“We did an analysis two or three years ago and the average number of vacation days [taken by Trivago staff] was 32 or so, so slightly above average but still totally in line with what other companies in Germany give as a maximum. In Germany you usually have 25-30 days.”
The office attraction
But what about the attractions for staff in the office, the initiatives and amenities that have been put in place to rebuild the community after Covid-19? Here, it is clear that Anja and her team have invested a huge amount of time and effort.
The after-work drinks are back up and running, as are the ‘Trivago Fridays’ where staff can hear a deep dive on a specific topic and listen to live music. And every quarter the company runs a core event, bringing everyone together to join a specific activity. One of the is known as Trivago on Tour, a bonding exercise which invites all employees to spend two or three days in a surprise location.
But perhaps even more important are the pop-up activities, the one-to-one meetings that create real relationships between team members. After all the disruption of Covid, these events are crucial to Trivago’s hybrid model.
“We are trying to create incentives so people interact and come more often to campus, even if it’s not the two standard days,” Anja says. “For example we have a peer-to-peer praise system, and it is now connected to a coffee voucher. So if you have done something really cool for another person, they can praise you via Slack and you will receive a coffee voucher, along with the person who has praised you, and you will have a coffee together in the office. This is designed to encourage collaboration.
“As you can imagine, the last one and a half years have been quite challenging. We also used the time to work on new products, to get stronger out of the crisis, and we introduced one week in summer and one week in winter, Trivacation and Christmas in winter, where the whole company is not operating. You’re not supposed to send any slack messages or emails and people get just one week off. It actually led to a lot of loyalty and gratitude among our employees.”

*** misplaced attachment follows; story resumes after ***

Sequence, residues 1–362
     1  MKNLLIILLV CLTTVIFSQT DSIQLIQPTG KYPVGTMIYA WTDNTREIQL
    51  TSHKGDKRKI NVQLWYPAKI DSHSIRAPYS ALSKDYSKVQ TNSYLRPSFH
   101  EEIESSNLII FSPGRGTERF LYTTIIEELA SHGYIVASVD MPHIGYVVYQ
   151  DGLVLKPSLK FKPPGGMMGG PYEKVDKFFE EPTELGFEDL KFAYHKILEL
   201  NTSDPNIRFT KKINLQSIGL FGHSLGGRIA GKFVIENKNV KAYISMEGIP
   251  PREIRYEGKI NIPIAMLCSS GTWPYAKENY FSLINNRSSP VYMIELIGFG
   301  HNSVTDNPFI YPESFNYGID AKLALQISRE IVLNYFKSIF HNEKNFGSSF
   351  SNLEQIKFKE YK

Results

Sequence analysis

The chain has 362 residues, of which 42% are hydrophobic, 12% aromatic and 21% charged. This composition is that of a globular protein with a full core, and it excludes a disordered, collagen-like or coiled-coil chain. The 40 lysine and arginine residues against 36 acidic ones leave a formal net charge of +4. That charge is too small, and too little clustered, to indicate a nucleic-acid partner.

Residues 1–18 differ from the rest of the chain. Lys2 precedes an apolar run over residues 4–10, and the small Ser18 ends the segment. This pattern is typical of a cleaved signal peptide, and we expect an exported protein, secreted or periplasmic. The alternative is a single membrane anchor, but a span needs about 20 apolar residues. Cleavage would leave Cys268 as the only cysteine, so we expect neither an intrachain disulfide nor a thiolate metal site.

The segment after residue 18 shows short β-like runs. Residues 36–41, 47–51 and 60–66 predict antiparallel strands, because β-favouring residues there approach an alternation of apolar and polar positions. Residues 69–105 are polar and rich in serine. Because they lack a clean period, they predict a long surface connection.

The great debate continues…
More than eighteen months after the eruption of the pandemic, the great productivity debate continues to rage. For every think-piece that claims remote working makes us more efficient, there’s an interview with a disgruntled boss who claims their staff are abusing their new telecommuting privileges.
Anja, for her part, sees the benefits on both sides. “You will have days where working from home is more productive because you don’t have so many people talking to you but on the other hand, you’ll have lots of meetings which take 15-30 minutes whereas in the office you can just go and talk to a colleague across the desk.
“The productivity in the office isn’t always as felt but it’s paid out later. You create relationships that make you quicker in the future because it’s easier to talk to other people in the company that you wouldn’t have met at home.”
So it’s no surprise to hear that Trivago plans to stick with its hybrid model. Anja says the current approach is quite “rigid” but adds that “as soon as the routine has been built up and people get used to social, in-person interactions again, and people also see the benefits of being on-site, on-campus, we will survey our people and see what they want to do.
“What I would like to do is move into a bit more of a flexible model. Let’s say teams would be required to meet in-person, on-campus for a certain percentage of time per month, but how they structure that – whether it’s one week, a couple of days in a row or a couple of days here and there – is totally up to them. Every team has a different way of working and may need a different setup.”
It may not be as remote-centric as the approach other tech companies have taken, but it’s very much in keeping with the overall drift: greater choice, greater flexibility and greater flexibility. Trivago’s direction of travel may be different to that of its peers, but the destination may end up being very similar.